John the Baptist sent two of his disciples to Jesus, to inquire whether He was the one "that should come" according to prophecy. And Jesus, in their company, healed many that were nearby. He then told these men:
"...Go your way, and tell John what things ye have seen and heard; how that the blind see, the lame walk, the lepers are cleansed, the deaf hear, the dead are raised, to the poor the gospel is preached." (Luke 7:22)
I've asked myself, "Why did Jesus include the phrase, 'to the poor the gospel is preached' in his instructions to reveal to John that he truly was the Messiah? Wasn't it enough to reveal the miracles he had done?"
The Lord gave a revelation to Joseph Smith and Sidney Rigdon in December of 1830, in which he explained to them that the "folly" and "abominations" of the Gentiles would be known to the world in the latter-days, while the "weak things of the world" would have the power of God to protect them against their enemies (see D&C 35:7,13-14). He then tells them:
"And the poor and the meek shall have the gospel preached unto them, and they shall be looking forth for the time of my coming, for it is nigh at hand—" (D&C 35:15).
I believe that John the Baptist, who certainly was aware of the scriptures and the prophecies in them, knew of the blessings promised to the poor. He knew that the Messiah that was to come would be one in whom the poor could trust, and whose life and teachings would bring them comfort. And once again, in modern revelation, the Lord is telling his disciples that "the poor and the meek shall have the gospel preached unto them." And in addition to this, the Lord says that the poor and meek will be looking forward to their deliverance at His second coming.
I am reminded of the parable the Lord taught regarding the rich man and the beggar, Lazarus. rather than try to paraphrase it, I think I will quote it in full here. The Lord said:
"There was a certain rich man, which was clothed in purple and fine linen, and fared sumptuously every day:
"And there was a certain beggar named Lazarus, which was laid at his gate, full of sores,
"And desiring to be fed with the crumbs which fell from the rich man’s table: moreover the dogs came and licked his sores.
"And it came to pass, that the beggar died, and was carried by the angels into Abraham’s bosom: the rich man also died, and was buried;
"And in hell he lift up his eyes, being in torments, and seeth Abraham afar off, and Lazarus in his bosom.
"And he cried and said, Father Abraham, have mercy on me, and send Lazarus, that he may dip the tip of his finger in water, and cool my tongue; for I am tormented in this flame.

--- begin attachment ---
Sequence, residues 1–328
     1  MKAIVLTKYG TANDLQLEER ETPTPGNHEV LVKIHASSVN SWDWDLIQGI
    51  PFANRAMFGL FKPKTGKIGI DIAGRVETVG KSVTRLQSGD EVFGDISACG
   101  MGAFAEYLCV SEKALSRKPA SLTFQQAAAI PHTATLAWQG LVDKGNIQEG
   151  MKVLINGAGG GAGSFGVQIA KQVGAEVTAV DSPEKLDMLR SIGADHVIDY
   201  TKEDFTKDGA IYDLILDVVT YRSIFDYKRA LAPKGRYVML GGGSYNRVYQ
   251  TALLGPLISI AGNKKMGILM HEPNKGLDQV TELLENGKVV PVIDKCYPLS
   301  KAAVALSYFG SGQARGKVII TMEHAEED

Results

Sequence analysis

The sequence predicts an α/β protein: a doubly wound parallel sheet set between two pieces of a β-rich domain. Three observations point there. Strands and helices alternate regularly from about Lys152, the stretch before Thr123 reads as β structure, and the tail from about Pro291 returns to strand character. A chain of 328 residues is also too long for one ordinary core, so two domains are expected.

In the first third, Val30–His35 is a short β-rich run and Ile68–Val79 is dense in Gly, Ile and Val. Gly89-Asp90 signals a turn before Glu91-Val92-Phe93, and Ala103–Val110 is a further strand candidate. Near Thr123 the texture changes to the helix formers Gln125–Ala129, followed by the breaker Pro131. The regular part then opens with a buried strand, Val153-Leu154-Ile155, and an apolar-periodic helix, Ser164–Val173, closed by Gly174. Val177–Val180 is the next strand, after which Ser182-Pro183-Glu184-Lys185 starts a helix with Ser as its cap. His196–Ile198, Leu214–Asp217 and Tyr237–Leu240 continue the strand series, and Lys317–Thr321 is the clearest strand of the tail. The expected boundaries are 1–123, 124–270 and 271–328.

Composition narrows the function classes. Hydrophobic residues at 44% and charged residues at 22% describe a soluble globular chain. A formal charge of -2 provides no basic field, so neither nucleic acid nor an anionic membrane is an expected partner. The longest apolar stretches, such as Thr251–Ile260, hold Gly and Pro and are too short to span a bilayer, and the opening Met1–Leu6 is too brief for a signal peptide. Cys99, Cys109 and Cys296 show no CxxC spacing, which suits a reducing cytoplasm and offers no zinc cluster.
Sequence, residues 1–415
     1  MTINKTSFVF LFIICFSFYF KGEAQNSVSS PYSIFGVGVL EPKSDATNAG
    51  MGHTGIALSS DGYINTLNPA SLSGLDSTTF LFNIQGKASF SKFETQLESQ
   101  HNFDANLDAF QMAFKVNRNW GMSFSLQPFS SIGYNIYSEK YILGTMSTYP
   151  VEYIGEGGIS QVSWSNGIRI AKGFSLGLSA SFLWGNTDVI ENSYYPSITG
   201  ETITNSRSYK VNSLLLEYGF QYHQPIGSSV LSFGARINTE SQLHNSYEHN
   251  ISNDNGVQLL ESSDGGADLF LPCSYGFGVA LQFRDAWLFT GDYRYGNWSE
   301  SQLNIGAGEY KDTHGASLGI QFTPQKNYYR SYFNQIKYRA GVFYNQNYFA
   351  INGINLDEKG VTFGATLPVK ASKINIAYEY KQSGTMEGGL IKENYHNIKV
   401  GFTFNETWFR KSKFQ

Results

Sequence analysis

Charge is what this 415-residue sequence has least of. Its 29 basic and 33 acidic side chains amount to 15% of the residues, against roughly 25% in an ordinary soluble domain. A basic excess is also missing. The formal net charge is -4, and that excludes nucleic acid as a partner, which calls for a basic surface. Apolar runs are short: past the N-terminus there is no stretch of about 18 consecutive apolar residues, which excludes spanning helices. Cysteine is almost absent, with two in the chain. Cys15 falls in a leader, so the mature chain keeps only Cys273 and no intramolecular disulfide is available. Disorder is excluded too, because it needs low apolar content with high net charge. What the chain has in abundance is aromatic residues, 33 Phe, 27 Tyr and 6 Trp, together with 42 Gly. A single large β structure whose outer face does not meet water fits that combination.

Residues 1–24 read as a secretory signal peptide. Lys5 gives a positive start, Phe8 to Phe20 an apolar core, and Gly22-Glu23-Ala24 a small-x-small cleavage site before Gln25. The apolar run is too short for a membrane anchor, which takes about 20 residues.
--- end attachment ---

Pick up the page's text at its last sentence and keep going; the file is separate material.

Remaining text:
"But Abraham said, Son, remember that thou in thy lifetime receivedst thy good things, and likewise Lazarus evil things: but now he is comforted, and thou art tormented.
"And beside all this, between us and you there is a great gulf fixed: so that they which would pass from hence to you cannot; neither can they pass to us, that would come from thence.
"Then he said, I pray thee therefore, father, that thou wouldest send him to my father’s house:
"For I have five brethren; that he may testify unto them, lest they also come into this place of torment.
"Abraham saith unto him, They have Moses and the prophets; let them hear them.
"And he said, Nay, father Abraham: but if one went unto them from the dead, they will repent.
"And he said unto him, If they hear not Moses and the prophets, neither will they be persuaded, though one rose from the dead." (Luke 16:19-31)
The Lord revealed a significant principle at the end of this parable. We have the truth before us, in the scriptures. That should be sufficient to propel one to change their wicked ways, and follow the Lord. If the words of the prophets (and I would add, the words of Jesus Christ himself, as spoken in old times as well as the latter-days) are not enough, no other divine message or miracle will make any difference. We have the truth right before us in the scriptures. It's just up to us to open our hearts and let the light in.
Speaking of the Lord's words, let me add some right here:
"Wo unto you rich men, that will not give your substance to the poor, for your riches will canker your souls; and this shall be your lamentation in the day of visitation, and of judgment, and of indignation: The harvest is past, the summer is ended, and my soul is not saved!
"…But blessed are the poor who are pure in heart, whose hearts are broken, and whose spirits are contrite, for they shall see the kingdom of God coming in power and great glory unto their deliverance; for the fatness of the earth shall be theirs." (D&C 56:16,18)
Can it be said any clearer?